The Daily Iowan

Iowa football sees strength in the secondary

The hype is all on its defensive line, but Iowa’s secondary has been quietly solid in 2018.

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Iowa strong safety Amani Hooker dives into the end zone after intercepting a pass on Ohio State's first play from scrimmage during Iowa's game against Ohio State at Kinnick Stadium on Saturday, Nov. 4, 2017. The Hawkeyes defeated the Buckeyes 55 to 24.

Iowa strong safety Amani Hooker dives into the end zone after intercepting a pass on Ohio State's first play from scrimmage during Iowa's game against Ohio State at Kinnick Stadium on Saturday, Nov. 4, 2017. The Hawkeyes defeated the Buckeyes 55 to 24.

Nick Rohlman

Nick Rohlman

Iowa strong safety Amani Hooker dives into the end zone after intercepting a pass on Ohio State's first play from scrimmage during Iowa's game against Ohio State at Kinnick Stadium on Saturday, Nov. 4, 2017. The Hawkeyes defeated the Buckeyes 55 to 24.

Adam Hensley, Pregame Editor

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Through the first two weeks of college football, one thing is clear: Iowa’s defense is good.

The defensive line essentially stole the show, with A.J. Epenesa, Parker Hesse, Anthony Nelson, and Matt Nelson wreaking havoc on the line.

But Iowa’s secondary hasn’t received the hype or attention as the other defensive positional groups, yet opposing quarterbacks are averaging just 139.5 yards per game against the Hawkeyes.

“We know we’ve got kind of a special group up front with the D-line, and if we’re doing our job on the back end — communicating, reading our keys, staying on top, and making plays — it could be a special year,” safety Jake Gervase said. “But at the same time, it’s Week 3. We have to take it one week at a time.”

In Week 1, the Hawkeyes limited Northern Illinois quarterback Marcus Childers to a passer rating lower than 100 (96.5) and limited the Huskies to just one gain of 20-plus yards through the air.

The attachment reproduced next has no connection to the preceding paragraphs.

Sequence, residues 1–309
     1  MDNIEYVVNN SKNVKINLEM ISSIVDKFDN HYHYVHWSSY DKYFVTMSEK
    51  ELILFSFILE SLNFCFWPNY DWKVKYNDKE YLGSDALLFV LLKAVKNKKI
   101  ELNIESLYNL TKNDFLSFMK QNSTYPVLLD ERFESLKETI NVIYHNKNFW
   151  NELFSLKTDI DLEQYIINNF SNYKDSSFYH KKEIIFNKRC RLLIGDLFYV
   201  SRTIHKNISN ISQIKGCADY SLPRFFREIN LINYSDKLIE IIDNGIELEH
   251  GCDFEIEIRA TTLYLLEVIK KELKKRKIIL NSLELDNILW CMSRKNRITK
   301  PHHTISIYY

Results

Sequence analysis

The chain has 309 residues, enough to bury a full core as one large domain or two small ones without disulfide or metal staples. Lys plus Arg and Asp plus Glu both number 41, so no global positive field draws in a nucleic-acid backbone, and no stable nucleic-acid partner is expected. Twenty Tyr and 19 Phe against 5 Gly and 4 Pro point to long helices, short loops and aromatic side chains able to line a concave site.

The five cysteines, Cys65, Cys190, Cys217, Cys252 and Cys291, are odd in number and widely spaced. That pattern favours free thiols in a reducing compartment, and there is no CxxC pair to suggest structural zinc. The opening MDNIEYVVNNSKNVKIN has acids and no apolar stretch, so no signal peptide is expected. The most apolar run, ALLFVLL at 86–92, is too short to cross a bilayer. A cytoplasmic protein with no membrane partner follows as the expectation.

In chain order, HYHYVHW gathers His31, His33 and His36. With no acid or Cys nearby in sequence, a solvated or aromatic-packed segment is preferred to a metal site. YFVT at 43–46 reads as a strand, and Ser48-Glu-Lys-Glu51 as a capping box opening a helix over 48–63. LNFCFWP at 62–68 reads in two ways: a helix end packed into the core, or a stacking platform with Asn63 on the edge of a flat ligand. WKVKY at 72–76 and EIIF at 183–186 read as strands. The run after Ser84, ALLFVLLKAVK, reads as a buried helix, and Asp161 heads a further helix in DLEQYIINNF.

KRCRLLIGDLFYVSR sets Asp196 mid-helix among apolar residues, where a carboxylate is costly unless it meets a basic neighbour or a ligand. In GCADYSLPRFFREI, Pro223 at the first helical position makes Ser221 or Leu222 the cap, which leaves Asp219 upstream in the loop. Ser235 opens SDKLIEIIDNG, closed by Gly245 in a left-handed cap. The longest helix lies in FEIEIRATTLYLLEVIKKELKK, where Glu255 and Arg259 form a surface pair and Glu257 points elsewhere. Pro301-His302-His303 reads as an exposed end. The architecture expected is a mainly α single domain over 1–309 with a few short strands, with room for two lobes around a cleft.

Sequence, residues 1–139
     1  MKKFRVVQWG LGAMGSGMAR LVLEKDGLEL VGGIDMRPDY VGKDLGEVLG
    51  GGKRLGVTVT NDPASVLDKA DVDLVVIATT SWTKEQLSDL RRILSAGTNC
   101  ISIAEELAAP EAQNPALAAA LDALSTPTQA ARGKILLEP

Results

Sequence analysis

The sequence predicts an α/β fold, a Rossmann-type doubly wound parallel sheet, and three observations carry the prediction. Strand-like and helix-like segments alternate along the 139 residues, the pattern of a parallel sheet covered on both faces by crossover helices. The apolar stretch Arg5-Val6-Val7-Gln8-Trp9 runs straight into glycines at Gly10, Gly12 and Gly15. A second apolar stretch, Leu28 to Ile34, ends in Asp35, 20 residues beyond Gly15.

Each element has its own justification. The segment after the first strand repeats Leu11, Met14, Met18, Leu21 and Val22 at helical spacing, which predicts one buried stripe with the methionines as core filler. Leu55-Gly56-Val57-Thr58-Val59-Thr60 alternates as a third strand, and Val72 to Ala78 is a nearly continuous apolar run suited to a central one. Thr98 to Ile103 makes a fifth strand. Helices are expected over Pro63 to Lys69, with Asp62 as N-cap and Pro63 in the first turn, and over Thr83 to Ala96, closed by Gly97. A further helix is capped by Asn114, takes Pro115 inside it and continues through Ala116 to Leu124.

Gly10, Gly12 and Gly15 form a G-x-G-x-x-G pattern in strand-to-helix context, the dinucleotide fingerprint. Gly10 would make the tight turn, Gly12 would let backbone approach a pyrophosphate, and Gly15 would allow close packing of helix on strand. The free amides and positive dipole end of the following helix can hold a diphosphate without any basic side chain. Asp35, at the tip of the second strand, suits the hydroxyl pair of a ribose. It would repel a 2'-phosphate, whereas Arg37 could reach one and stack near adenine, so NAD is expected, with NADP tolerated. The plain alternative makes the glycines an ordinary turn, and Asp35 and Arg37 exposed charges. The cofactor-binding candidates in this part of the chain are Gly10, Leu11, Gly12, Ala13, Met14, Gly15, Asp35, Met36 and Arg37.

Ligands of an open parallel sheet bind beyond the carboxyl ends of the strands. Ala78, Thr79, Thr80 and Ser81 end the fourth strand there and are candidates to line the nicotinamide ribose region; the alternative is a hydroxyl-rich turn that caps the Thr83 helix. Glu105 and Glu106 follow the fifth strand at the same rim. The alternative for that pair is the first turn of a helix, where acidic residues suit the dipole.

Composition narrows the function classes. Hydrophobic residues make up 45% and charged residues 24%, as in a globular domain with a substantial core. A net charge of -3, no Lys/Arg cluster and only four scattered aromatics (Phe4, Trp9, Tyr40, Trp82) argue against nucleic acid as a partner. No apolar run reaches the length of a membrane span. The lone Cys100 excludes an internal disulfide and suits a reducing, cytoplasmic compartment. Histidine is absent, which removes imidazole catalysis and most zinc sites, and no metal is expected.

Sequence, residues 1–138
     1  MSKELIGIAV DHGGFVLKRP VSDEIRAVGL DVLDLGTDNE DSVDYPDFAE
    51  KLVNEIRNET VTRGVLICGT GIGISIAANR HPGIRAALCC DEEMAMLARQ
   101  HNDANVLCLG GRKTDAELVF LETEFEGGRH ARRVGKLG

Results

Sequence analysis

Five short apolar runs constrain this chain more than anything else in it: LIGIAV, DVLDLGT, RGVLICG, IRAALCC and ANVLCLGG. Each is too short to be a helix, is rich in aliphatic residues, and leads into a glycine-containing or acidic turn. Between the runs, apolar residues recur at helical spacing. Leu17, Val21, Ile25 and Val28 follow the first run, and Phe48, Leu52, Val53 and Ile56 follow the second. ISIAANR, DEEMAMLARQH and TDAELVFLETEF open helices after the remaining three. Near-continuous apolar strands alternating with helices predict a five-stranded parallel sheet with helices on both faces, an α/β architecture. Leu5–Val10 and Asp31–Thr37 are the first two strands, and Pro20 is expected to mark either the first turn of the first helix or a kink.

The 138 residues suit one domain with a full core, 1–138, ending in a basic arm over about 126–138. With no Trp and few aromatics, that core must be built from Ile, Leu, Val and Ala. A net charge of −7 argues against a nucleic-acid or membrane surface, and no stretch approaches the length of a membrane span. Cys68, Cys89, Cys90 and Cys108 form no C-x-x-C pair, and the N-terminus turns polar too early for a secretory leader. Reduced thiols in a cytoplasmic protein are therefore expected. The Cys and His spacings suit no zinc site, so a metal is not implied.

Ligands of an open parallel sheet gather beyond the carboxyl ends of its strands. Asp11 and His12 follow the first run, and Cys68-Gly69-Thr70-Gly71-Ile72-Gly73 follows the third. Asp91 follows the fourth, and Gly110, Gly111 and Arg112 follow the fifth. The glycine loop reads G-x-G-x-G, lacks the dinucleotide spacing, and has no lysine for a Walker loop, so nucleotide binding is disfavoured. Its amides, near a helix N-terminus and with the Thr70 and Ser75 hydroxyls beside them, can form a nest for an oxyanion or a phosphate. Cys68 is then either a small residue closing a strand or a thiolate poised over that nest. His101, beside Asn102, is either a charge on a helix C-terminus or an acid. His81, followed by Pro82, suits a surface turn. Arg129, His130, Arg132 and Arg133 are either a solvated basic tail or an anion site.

Iowa’s secondary did the same against Iowa State the following week — Cyclone quarterback Kyle Kempt’s second pass of the game went for 31 yards, but after that play, the Hawkeyes never allowed a gain for more than 15 yards (until the fourth quarter when backup quarterback Zeb Noland threw a 23-yard pass).

When Kempt hit his receiver in stride for 31 yards, it appeared Iowa’s defense would be in for a long day, but adjustment, courtesy of defensive coordinator Phil Parker, changed the tide, specifically in the secondary.

After Kempt’s long pass, the secondary held the Cyclone signal caller to just 95 yards.

“We’re together,” safety Amani Hooker said. “At the end of the day, it comes down to who’s playing for who, and right now, we’re playing for each other.”

But Iowa’s defensive backs can do more than just cover receivers; tackling is a big part of their game as well.

Cornerbacks Michael Ojemudia and Matt Hankins shut any outside runs down on Sept. 1.

On one play in particular, Iowa State tailback David Montgomery, known widely as one of the league’s most explosive and elusive backs, took a handoff to the left, and Ojemudia was the only player on the outside, tackling Montgomery for no gain.

“Corners, especially at Iowa, that’s our job — to set a hard edge. Just keep everything contained in for the defense,” Ojemudia said. “… It’s effective. That’s why [we do] it. We’re not just out here to cover. We also have a part in the running game.”

While it wasn’t on a running play, fellow corner Hankins made a touchdown-saving tackle on Iowa State’s Dylan Soehner, stopping the receiver 2 yards from the goal line. Without Hankins’ driving tackle, the Cyclones would have gone up by a touchdown early.

“Coach Parker was really pleased with [Hankins’ play],” Ojemudia said. “We were, too.”

With Iowa gearing up for Northern Iowa on Saturday, the Hawkeyes aren’t focused on that potential of their defense — the Panthers are Iowa’s top focus, as they should be.

But the potential is there for the Hawkeye unit to be stellar.

“Anything’s possible,” Gervase said. “Between the players and the coaches, we like where we’re at so far.”

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About the Contributors
Adam Hensley, Pregame Editor

Adam Hensley is the current Pregame Editor at the DI, covering football, men's basketball, and baseball. Formerly the DI Sports Editor, Hensley has been...

Nick Rohlman, Photo Editor

Nick Rohlman is one of the photo editors at the DI. In addition to his experience as a photojournalist, he has a background in commercial photography and...

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